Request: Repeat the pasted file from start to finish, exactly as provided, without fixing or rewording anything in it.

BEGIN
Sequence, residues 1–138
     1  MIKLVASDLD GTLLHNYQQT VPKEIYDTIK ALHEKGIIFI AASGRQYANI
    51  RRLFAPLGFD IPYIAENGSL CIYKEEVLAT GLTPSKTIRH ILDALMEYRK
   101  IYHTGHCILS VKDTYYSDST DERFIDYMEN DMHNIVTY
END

Sequence, residues 1–138
     1  MIKLVASDLD GTLLHNYQQT VPKEIYDTIK ALHEKGIIFI AASGRQYANI
    51  RRLFAPLGFD IPYIAENGSL CIYKEEVLAT GLTPSKTIRH ILDALMEYRK
   101  IYHTGHCILS VKDTYYSDST DERFIDYMEN DMHNIVTY